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I Love Bombastic Rock Bands — Who’s With Me?

on January 10, 2013, 1:00am

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You know, if someone wrote an essay insisting Thin Lizzy provided the backbone for his teen experience in the mid 1970s, every rock critic in America would nod their head in agreement. A serious discussion on the metaphorical significance of Jailbreak would be totally acceptable. I just happen to think the same dialogue can be had about Slippery When Wet.

-Chuck Klosterman, Fargo Rock City

In the summer of 2002, Ryan Schreiber of Pitchfork published his now famous (or famously flawed) review of Andrew W.K.’s I Get Wet. He gave the album a laughable 0.6, and wrote, “This here is about as empty as rock music gets.” Finally, the ultimate voice in taste and opinion on modern music had echoed my thoughts, and validated my opinion. My favorite part of the review was his closing paragraph:

It’s fun’ is about the only legitimate excuse a guy could come up with [to support Andrew W.K.]– and that’s the one thing I’ll give it to warrant the .6 in the rating– but this world of music which history has graced us with is loaded with fun music…So then, what is the excuse for a typically elitist music nerd to bow to Andrew W.K.’s blistering tard-rock? That’s right, folks: there isn’t one.

At the time, my fellow Andrew W.K.-hating friends and I loved the part where he says he only gave it a rating at all because it was “fun”. Fun doesn’t mean shit in rock music! Fun is a byproduct of smart, heart-wrenching lyrics and odd musical modes and tonalities; it is not the main ingredient.

A few years after that, my stance on Andrew W.K., and rock in general, started to shift. Maybe it was from me growing increasingly tired of the growing pretension of people who always said “fun” with air quotes and a wink (like Schreiber does above). Maybe it was from playing in a cover band in college that specialized in “party songs” that helped me appreciate giving an audience a good time. Or maybe it was this video my friends from Webster University made one winter.

Whatever it was, I realized that navel gazing and poetic tropes no longer fueled me. I wanted optimism in rock ‘n’ roll. I couldn’t hear more songs about losing a girl, or being psychologically despondent. I wanted fun again. Adrien Begrand from Pop Matters wrote in his I Get Wet review: “The problem these days is that with the unending stream of rock bands who are either overly morose, overly angry, overly political, or overly pretentious, one other fundamental element has been missing from mainstream rock: dumb old fun.”

I couldn’t agree more. What happened to the fun? Begrand later says, “At its best, W.K.’s music is a refreshing blast of skanky air on the current stale music scene…” Yes! Absolutely…but…the problem is he finishes the sentence with, “…at its worst, it’s disappointingly monotonous, unoriginal, and very, very dumb.”

I became interested in writing about music when I was 17, but I didn’t officially start until later (sometime after this change in mindset). Could I reconcile this newfound love of bombastic rock with the dour sheen of the music critics that I looked up to? Do those things have to be mutually exclusive? Would I have to file away this love into the dreaded and weak-spirited folder of “guilty pleasures”?

Answers: Yes. No. Absolutely not.

Chuck Klosterman’s Fargo Rock City also explains why critics laud Eric Clapton over Eddie Van Halen. He writes:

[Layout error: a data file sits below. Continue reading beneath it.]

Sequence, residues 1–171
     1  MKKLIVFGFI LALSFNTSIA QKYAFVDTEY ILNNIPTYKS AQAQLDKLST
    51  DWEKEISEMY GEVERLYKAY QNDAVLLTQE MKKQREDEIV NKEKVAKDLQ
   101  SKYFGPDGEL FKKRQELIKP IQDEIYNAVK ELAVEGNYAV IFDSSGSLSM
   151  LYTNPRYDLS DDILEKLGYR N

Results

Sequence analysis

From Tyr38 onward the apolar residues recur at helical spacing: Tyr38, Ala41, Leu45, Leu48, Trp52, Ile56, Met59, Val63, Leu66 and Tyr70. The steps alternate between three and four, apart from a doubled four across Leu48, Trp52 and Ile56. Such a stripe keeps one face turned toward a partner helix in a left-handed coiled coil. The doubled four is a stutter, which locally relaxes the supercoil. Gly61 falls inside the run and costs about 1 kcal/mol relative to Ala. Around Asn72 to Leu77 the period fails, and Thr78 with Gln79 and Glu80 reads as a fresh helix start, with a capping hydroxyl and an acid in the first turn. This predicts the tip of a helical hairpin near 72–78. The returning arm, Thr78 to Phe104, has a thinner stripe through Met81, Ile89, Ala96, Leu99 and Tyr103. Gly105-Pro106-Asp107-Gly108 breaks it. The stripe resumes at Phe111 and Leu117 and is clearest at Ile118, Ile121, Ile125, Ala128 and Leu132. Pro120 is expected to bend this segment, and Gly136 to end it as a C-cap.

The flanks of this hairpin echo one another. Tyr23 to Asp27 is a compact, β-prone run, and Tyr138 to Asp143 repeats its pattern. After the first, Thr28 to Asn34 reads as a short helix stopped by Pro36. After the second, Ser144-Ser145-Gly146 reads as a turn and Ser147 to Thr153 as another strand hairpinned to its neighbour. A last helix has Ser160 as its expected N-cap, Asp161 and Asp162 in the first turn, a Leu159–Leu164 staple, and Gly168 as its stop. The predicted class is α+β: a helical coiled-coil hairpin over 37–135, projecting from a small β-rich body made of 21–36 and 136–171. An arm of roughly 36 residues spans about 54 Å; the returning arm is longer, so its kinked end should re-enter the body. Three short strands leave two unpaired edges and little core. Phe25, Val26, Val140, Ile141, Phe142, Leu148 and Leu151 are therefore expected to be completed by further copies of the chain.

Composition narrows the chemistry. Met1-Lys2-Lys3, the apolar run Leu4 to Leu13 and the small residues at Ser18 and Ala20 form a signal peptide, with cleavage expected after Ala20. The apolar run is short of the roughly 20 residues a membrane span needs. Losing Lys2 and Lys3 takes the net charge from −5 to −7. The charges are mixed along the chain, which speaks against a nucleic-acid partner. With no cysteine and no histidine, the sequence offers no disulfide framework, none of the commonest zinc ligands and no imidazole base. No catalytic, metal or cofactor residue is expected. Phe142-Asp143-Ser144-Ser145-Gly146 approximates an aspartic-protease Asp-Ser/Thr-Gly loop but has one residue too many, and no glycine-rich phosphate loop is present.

Listening to Clapton is like getting a sensual massage from a woman you’ve loved for the past 10 years; listening to Van Halen is like having the best sex of your life with three foxy nursing students you met at a Tastee Freeze. This is why rock historians and intellectuals feel comfortable lionizing Eric Clapton, even though every credible guy in the world will play Van Halen tapes when his wife isn’t around.

It’s hard to find a mainstream critic these days who unabashedly celebrates big rock albums and/or rock stage shows. More often than not, the critics who do praise rock acts like The Darkness, Andrew W.K., or Foxy Shazam, tend to do so with a sense of irony, or a wink and a nudge. Begrand says in his review of The Darkness’ Permission to Land: “They look ridiculous and they sound ridiculous, yet they know they’re ridiculous, and they shamelessly revel in their ridiculousness.” He says they are here as a savior to those looking to keep reveling in ’80s bombast, but yet they’re ridiculous.

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Eric Nally of Foxy Shazam

The Onion’s AV Club said in the first line of their I Get Wet review: “If I Get Wet makes Andrew Wilkes-Krier a star (and it should), it could mark one of the greatest seismic shifts in popular music since Nirvana’s Nevermind hosed rivers of hairspray and makeup off the pop-cultural landscape in 1991 and ’92,” but the publication failed to put the album on any of its Best Of lists that year. Begrand, and many others, treat these bands like inside jokes, as if it’s the only way they can fully appreciate these bands (especially The Darkness and/or Foxy Shazam). If they can’t sit back and laugh at/with bands like this, then said act must be completely full of shit, and they’ll move on (a la Andrew W.K.).

So what is the disconnect between reviews and full-out appreciation? If these bands are so awe-inspiring on record and in concert, then why do critics date and move in with Arcade Fire, but fuck The Darkness and Foxy Shazam on the side? Also, tangentially, why are things like Daft Punk’s live concert pyramid and Katy Perry’s lights and costumes celebrated, but theatrics and costumes of Foxy Shazam and  The Darkness Justin Hawkins deemed kitschy and campy?

It’s all about having fun, and enjoying life. “Don’t Stop Livin’ in the Red” has the same message as fun.’s “We Are Young”, but Andrew W.K. doesn’t have boyish good looks and sweats a lot, so you can’t put that on the Grammy’s or on a commercial. “I Like It” by Foxy Shazam is a lot like “I Kissed a Girl” by Katy Perry, but Katy Perry doesn’t eat lit cigarettes whole on stage, and I’d bet most of the younger generation would rather think about Perry kissing a girl than Nally doing a double-take on a black booty.

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Justin Hawkins of The Darkness